By Pauline Kerr
For the past several months, many of us have been waiting for that magic potion that will make COVID-19 disappear – poof! – never to be seen again.
Vaccines are not magic. Those of us who have been immunized are still wearing masks and distancing. That return to normal is not going to happen anytime soon. What we can expect is a gradual return to normal-ish.
We will be able to go shopping, after washing our hands and masking up, for example.
Difficult though it is to believe, COVID-19 sanitation measures used by those entering today’s grocery stores are far beyond what was used in hospital operating rooms only a few generations ago. One wonders what a nurse or doctor from Florence Nightengale’s day would have thought had they seen a modern counterpart geared up like someone from outer space.
Nightengale, who is credited with founding modern nursing, died in 1910. She transformed hospitals from places of last resort, where straw was strewn on the floors to soak up blood, and the unfortunates who went there were cared for by untrained individuals of questionable character and filthy hands, to what they are today – places where lives are saved, thanks to incredibly skilled and highly respected health-care professionals. Bless them all, they have got us through a deadly pandemic.
What vaccines will do is gradually reduce the stress on our hospitals to the point where Nightengale’s modern sisters and brothers might get by with just masks and gowns sometimes instead of space suits, and even better, take some desperately needed vacation time.
Small businesses that have been closed for much of the past year will reopen – we hope – and shoppers will return – the business owners hope.
Children will go back to school – real, in-person school, parents will return to the physical office, and the family dog will resume napping on the couch until someone gets home to take him for a walk.
At least, that is what would happen in an ideal world. As we have discovered, reality is often far from ideal.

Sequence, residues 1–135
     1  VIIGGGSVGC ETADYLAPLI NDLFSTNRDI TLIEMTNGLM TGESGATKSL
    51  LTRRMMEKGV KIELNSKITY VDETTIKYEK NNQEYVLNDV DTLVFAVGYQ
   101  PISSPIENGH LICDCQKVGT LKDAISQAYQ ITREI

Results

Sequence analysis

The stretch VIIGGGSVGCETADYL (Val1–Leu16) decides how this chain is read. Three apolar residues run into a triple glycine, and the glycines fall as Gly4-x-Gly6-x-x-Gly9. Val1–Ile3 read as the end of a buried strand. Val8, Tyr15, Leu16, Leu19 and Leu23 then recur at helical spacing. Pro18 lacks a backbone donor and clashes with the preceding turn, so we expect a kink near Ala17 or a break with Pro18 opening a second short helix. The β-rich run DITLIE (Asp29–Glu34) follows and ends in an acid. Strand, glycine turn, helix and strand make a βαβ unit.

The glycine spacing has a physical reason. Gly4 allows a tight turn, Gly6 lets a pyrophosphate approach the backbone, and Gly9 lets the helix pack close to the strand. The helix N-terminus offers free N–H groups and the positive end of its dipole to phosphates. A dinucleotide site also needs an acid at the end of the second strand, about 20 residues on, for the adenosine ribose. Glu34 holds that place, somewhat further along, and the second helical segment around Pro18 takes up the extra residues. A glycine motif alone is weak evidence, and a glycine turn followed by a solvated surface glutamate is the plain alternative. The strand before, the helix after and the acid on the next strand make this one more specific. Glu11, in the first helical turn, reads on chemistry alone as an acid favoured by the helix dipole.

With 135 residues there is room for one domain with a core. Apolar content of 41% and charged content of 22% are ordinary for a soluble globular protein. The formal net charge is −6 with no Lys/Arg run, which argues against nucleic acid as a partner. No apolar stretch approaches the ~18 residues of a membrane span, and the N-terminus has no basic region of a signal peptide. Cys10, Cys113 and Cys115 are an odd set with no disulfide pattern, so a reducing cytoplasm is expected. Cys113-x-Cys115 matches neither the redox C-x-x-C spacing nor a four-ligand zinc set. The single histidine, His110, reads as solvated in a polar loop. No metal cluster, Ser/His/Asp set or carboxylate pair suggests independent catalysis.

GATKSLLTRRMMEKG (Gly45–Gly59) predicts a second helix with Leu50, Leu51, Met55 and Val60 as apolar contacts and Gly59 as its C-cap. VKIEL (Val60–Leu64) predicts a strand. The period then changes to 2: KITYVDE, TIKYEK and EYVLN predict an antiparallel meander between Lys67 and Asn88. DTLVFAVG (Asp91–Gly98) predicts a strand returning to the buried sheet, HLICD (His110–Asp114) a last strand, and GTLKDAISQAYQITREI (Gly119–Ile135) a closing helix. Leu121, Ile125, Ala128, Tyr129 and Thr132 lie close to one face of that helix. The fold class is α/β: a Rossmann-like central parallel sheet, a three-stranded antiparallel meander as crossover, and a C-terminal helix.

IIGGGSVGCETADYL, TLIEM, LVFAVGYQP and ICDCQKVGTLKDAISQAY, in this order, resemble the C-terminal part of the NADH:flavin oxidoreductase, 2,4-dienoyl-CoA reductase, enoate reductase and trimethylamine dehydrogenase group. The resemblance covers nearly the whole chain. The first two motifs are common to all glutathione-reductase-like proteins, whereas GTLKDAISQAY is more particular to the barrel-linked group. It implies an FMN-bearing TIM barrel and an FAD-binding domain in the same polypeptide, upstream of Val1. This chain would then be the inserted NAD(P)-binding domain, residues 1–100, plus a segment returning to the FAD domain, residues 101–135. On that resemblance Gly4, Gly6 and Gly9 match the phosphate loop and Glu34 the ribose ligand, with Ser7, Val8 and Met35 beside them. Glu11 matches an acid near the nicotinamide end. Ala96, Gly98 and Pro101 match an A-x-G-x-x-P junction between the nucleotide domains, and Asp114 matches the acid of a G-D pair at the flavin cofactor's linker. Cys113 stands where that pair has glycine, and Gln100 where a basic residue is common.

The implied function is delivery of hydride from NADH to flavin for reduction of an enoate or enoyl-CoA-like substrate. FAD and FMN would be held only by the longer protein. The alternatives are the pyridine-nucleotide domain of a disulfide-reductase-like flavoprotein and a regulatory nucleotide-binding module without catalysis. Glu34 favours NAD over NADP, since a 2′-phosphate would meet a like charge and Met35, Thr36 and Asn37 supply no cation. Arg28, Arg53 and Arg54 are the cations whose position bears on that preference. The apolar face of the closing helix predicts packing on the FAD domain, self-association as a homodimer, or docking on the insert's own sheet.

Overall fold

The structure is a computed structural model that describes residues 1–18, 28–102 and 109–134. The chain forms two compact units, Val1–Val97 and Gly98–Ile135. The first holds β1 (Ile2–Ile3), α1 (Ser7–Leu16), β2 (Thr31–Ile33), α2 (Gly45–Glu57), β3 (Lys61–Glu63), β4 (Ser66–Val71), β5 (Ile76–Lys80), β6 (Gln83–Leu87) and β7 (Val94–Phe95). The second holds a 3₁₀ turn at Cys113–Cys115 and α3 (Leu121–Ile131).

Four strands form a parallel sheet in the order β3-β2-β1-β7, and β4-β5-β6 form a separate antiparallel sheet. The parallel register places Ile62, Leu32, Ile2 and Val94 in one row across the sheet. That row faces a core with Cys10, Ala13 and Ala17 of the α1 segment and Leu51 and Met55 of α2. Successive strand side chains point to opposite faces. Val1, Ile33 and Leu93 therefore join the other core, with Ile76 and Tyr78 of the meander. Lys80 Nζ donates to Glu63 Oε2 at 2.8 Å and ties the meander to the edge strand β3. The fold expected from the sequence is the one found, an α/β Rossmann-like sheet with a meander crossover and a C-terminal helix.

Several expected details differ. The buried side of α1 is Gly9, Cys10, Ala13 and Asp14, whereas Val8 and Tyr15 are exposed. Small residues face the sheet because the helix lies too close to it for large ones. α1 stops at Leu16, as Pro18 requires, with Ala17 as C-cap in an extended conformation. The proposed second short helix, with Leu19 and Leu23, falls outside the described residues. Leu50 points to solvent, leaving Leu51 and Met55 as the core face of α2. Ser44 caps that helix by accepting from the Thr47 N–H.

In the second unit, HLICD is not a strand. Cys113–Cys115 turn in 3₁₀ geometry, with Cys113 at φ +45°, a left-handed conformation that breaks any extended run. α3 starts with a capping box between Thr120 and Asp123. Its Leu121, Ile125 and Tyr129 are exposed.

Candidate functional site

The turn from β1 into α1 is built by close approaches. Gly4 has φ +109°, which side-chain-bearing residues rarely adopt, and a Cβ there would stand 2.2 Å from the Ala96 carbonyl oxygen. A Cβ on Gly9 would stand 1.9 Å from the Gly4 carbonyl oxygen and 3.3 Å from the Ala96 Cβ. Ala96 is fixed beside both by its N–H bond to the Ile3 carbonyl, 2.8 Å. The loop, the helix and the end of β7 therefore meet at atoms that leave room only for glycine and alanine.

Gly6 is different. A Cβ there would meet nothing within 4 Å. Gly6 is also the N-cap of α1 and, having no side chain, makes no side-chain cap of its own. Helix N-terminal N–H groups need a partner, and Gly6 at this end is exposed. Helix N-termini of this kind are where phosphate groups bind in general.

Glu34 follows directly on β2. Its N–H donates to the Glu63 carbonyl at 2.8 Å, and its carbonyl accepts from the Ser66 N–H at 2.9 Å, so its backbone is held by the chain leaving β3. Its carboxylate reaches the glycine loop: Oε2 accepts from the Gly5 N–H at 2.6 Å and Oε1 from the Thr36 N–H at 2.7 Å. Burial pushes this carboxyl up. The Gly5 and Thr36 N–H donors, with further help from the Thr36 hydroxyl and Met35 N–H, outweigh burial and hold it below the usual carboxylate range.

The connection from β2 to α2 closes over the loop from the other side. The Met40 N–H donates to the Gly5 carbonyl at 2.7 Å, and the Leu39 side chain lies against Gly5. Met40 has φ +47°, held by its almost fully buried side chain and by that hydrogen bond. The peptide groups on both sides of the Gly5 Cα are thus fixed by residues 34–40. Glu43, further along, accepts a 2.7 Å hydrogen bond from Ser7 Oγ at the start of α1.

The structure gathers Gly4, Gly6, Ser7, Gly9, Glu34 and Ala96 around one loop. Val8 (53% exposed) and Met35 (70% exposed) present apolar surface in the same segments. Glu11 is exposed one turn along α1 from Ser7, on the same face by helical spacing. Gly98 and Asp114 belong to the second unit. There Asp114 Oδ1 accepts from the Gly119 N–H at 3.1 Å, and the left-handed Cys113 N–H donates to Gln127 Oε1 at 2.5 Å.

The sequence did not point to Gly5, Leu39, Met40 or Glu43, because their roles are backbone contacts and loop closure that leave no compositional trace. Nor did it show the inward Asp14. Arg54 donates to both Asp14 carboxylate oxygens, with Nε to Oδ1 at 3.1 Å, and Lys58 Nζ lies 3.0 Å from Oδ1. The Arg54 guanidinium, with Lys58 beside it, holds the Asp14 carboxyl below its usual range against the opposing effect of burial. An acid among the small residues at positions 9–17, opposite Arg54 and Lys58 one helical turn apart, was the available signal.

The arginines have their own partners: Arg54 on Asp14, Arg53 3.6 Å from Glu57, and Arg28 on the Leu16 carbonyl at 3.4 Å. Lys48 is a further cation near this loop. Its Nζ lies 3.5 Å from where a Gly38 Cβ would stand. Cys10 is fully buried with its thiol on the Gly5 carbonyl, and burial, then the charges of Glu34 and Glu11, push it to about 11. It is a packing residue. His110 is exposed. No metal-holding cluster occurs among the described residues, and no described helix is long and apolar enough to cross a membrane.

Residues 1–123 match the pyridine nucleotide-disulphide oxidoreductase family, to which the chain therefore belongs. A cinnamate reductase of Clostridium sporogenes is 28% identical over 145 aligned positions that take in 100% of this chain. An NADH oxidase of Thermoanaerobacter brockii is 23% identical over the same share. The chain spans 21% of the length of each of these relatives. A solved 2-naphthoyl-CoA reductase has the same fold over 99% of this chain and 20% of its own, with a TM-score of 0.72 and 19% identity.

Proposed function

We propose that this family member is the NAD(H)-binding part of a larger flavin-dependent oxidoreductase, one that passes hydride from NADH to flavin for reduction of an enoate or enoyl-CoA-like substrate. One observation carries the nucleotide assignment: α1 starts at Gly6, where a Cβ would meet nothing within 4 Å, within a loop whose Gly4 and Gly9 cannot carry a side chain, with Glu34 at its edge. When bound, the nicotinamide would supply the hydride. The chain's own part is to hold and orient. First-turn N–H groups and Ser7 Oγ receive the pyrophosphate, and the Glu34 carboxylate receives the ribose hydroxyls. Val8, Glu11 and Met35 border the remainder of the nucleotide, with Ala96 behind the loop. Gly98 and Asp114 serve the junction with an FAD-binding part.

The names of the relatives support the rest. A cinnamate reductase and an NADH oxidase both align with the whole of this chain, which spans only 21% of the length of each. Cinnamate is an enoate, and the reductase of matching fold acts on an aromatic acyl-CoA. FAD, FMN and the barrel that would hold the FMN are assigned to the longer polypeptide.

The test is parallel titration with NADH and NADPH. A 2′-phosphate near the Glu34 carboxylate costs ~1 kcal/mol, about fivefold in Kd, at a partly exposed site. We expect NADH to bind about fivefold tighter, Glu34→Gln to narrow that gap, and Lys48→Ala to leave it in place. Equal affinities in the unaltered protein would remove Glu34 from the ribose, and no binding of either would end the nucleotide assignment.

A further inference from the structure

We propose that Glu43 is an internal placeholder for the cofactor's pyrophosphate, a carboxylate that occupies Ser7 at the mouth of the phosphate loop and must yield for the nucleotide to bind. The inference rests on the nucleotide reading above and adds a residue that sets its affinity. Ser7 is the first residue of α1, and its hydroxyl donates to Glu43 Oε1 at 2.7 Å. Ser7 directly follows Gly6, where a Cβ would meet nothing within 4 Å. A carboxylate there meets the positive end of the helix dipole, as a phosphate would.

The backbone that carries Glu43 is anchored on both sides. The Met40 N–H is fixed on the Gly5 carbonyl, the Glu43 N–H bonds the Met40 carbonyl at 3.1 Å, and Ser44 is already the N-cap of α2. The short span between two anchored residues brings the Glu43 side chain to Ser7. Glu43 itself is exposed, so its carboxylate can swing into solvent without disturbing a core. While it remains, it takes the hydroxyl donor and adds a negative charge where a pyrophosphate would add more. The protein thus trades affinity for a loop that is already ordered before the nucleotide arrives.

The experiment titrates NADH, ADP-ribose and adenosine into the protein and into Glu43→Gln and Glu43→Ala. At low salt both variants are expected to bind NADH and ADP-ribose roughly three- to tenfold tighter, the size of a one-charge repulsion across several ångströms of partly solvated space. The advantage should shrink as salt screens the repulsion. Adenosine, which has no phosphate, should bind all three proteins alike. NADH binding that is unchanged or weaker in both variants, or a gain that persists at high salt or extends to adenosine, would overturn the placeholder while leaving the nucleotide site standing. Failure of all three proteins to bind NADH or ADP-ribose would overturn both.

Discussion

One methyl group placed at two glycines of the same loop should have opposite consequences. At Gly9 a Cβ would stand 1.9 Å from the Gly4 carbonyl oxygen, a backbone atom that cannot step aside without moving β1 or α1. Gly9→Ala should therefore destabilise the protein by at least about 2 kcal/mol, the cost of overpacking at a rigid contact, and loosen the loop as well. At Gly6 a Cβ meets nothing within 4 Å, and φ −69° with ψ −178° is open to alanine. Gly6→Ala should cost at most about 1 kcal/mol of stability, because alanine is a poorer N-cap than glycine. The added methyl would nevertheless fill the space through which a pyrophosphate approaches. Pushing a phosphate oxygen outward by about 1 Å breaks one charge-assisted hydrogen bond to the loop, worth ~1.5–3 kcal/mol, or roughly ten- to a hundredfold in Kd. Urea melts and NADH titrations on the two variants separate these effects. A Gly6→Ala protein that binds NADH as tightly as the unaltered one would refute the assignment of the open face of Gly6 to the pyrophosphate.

We hope the teens who have dropped off the educational radar will get the help they need to resume their education, just as we hope the ones who lost out on sports scholarships and other opportunities will find new doors opening for them.
We hope the parents who put their careers on hold while they stayed home with their children are able to capitalize on the economic growth spurt that will surely follow the pandemic.
But life will not be returning to what it was before. We will not awaken one morning a month from now, or even a year from now, to find COVID-19 has gone, and we can flip the switch from pandemic mode to normal.
This is not necessarily a bad thing. We have seen the fault lines in our health-care system, especially with long-term care and with the shortage of nurses. Turning back the clock would be a disaster even if it were possible.
We have seen the importance of universal access to high-speed internet, the pitfalls in out-of-control house prices, and which workers are essential to our way of life.
We have a much greater understanding of we need to do to make our communities stronger and more resilient, so that we can weather the next pandemic. There will be one, of that we have no doubt.
We saw the ease with which a new virus got a foothold and took over the world, jumping from a marketplace on the other side of the world to local nursing homes in a few short weeks.
Like hand sanitizer and masks in grocery stores, we can easily envision a future in which a period of quarantine is a routine part of international travel.
The retail world of our normal-ish future will have both an in-person presence – we like social aspects of shopping – as well as a virtual one. Even during a lockdown, kids outgrow clothes and shoes.
From the point of view of a lockdown, a normal-ish future sounds great – bring it on!